There are many advantages to this four-stage module. Meaningful communication is created in the classroom when organizing the project. Then students write for a real, world-wide audience. In addition, by seeing their own creations within the MOO site, the students have a greater sense of ownership over the constantly changing MOO site and a greater sense of ownership over their own learning experiences. This is truly a constructivist experience, at the group level.

Obviously, there must be at least one builder in the class. To become a builder requires a much greater investment of time and energy than merely describing a room. The future builder has to learn about "messages" and how to set them. To do so, there is a great deal of reading required, either from the MOO help texts or from online interactions with more experienced MOOers who are at the MOO site. If students are motivated to become builders, they will be processing a large amount of meaningful English. Nevertheless, given the limitations of time, often it is the teacher who becomes the builder for the class project.

Module Five: Individual Builders at SchMOOze (Many sessions devoted to achieving the rank of builder and additional sessions to construct and present the creations)

In this module the constructivist process is at the individual level. Although this is a theoretically more pleasing situation (Hall, 1998), it requires very large allocations of time, both for the class and even more for the teachers. Teachers must become builders themselves to be able to guide their students through the process of reaching that rank in the MOO hierarchy. Beyond that, teachers will have to offer a great deal of individual or small group tutoring. Unfortunately, because class time is such a scarce resource, most teachers will choose not to use this module.

Those teachers who do urge their students to become builders should not be discouraged if only a small number of students respond enthusiastically. This is normal. Nevertheless, teachers can add incentives, like extra credit, for students who achieve the rank of builder and construct their own creations. This extra credit is an overt reward for processing large amounts of English and extracting meaning from their reading.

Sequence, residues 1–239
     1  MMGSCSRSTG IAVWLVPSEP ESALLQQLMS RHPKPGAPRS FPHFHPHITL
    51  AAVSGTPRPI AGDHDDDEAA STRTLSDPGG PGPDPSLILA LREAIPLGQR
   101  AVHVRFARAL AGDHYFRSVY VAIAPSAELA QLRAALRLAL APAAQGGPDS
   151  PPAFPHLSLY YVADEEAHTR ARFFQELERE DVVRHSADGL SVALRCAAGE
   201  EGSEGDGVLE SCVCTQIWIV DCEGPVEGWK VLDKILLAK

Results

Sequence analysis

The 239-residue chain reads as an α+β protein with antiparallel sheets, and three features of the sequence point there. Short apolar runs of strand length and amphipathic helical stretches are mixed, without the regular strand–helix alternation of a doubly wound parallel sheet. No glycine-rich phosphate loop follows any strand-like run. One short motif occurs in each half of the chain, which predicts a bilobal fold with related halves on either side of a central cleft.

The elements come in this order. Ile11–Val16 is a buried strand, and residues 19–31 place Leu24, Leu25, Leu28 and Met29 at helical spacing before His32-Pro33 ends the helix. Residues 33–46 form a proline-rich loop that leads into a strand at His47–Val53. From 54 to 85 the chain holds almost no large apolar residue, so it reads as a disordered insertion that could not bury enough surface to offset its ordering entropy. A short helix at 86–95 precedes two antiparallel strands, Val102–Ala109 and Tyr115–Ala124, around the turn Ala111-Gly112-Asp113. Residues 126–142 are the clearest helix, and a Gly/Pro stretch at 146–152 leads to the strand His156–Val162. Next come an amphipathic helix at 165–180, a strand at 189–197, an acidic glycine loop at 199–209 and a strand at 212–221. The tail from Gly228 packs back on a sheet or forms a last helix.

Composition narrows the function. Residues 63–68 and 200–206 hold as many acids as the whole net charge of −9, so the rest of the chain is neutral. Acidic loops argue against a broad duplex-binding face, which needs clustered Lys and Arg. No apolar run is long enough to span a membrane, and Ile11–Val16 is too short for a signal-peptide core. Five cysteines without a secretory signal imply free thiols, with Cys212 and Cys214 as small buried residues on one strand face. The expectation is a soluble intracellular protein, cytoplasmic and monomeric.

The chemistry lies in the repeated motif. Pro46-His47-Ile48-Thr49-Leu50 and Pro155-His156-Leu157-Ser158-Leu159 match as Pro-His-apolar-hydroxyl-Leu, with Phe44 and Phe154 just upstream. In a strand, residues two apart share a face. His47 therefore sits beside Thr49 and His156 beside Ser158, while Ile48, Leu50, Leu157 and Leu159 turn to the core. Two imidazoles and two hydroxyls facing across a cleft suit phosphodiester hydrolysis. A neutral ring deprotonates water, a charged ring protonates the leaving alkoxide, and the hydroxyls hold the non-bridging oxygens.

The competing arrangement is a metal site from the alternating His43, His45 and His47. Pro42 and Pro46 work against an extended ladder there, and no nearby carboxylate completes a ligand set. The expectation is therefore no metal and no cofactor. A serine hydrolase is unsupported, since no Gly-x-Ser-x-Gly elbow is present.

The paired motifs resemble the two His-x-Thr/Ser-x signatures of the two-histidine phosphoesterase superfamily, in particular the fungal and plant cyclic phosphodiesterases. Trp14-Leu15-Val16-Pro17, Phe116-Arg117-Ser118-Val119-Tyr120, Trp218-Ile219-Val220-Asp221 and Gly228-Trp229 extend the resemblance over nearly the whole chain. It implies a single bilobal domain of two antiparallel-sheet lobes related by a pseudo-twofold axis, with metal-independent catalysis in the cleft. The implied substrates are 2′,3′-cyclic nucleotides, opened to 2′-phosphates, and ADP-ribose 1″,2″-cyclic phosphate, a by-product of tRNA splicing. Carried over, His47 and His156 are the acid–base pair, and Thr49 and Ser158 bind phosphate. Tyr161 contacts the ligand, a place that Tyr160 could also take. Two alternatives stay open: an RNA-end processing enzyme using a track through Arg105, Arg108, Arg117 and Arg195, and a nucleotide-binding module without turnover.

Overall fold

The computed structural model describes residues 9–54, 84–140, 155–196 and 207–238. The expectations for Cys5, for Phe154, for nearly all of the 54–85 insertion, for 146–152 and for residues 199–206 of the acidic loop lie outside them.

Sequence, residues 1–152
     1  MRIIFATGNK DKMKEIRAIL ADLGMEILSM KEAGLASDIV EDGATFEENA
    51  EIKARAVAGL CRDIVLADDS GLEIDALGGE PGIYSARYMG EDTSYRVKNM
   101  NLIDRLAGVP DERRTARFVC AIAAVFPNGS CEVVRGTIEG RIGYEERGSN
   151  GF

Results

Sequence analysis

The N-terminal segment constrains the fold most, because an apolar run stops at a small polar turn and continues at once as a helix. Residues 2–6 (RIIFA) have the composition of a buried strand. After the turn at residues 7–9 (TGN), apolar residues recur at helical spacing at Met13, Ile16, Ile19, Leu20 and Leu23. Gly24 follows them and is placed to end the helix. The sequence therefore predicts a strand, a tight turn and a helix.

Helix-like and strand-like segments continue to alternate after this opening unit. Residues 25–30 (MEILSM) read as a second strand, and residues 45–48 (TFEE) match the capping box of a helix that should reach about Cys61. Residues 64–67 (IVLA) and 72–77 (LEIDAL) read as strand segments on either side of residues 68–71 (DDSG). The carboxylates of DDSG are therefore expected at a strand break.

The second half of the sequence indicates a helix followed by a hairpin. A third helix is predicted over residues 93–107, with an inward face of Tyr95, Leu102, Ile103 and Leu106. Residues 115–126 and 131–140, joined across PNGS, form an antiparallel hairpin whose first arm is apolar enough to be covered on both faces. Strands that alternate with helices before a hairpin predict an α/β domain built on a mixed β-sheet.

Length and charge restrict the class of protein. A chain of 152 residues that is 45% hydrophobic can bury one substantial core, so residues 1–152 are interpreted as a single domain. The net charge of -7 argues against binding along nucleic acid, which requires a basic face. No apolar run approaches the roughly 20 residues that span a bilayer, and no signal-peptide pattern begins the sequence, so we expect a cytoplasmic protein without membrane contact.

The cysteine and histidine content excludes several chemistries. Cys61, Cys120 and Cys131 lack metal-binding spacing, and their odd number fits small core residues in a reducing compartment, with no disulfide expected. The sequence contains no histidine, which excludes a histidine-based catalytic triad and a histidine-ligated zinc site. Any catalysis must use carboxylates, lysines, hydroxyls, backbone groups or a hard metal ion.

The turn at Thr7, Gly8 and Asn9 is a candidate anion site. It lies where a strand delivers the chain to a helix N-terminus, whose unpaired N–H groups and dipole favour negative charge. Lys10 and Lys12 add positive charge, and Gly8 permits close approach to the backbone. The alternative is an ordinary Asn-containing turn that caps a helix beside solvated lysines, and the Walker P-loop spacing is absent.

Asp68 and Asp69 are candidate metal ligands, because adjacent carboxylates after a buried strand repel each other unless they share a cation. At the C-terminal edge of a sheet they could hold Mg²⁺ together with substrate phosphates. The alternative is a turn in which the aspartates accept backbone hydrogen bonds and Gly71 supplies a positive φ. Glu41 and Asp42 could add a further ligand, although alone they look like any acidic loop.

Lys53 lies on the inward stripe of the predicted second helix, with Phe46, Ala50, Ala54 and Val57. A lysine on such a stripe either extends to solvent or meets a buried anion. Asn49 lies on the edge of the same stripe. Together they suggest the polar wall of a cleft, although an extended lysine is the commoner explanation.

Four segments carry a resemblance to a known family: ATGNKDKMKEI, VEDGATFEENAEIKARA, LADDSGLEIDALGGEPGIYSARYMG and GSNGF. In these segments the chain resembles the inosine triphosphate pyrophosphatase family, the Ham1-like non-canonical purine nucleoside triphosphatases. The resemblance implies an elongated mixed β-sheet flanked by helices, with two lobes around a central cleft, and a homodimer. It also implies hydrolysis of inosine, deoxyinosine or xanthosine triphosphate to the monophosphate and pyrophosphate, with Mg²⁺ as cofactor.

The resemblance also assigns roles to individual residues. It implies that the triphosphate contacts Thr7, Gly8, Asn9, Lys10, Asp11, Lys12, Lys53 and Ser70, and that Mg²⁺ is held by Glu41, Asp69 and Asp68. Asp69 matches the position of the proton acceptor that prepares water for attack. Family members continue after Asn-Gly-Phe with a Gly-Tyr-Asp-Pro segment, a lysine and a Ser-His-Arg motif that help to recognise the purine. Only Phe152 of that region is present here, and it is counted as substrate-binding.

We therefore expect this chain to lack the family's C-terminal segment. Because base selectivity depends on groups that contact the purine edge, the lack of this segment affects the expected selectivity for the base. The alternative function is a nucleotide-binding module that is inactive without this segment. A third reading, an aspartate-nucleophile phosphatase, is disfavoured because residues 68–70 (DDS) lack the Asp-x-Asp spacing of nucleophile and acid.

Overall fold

Despite the lack of multi-media whistles-and-bells, MOO technology can offer an enjoyable experience in second language acquisition. In fact, because MOO has few graphic distractions, learners must concentrate on text, which keeps them focused on linguistic content and form, rather than non-linguistic elements of technology. Beyond this, the use of MOO in ESL/EFL has a strong theoretical justification, based on communicative and constructivist approaches.

This article has presented a modular approach for using schMOOze University to facilitate ESL/EFL. To profit from MOO technology in the most efficient way, teachers must choose the proper mix of modules based on the limitations of their teaching realities. Problems of access to the Internet lab, other limitations of time, and limitations of motivation must be taken into account. After considering these limitations, teachers can choose to use schMOOze for interpersonal communications, exploration of a virtual world, teaching online classes, fostering membership in the virtual world, group constructivist activities, individual constructivist activities, or any combination of the above.

Nevertheless, the most important factor for the successful use any of the modules is the preparation of the teachers themselves. Without experiencing the very special learning environment offered at a MOO site, the teachers cannot possibly create an effective learning experience for their classes. It is imperative that teachers master each module before having the students proceed.

Visit schMOOze


The Internet TESL Journal, Vol. VII, No. 5, May 2001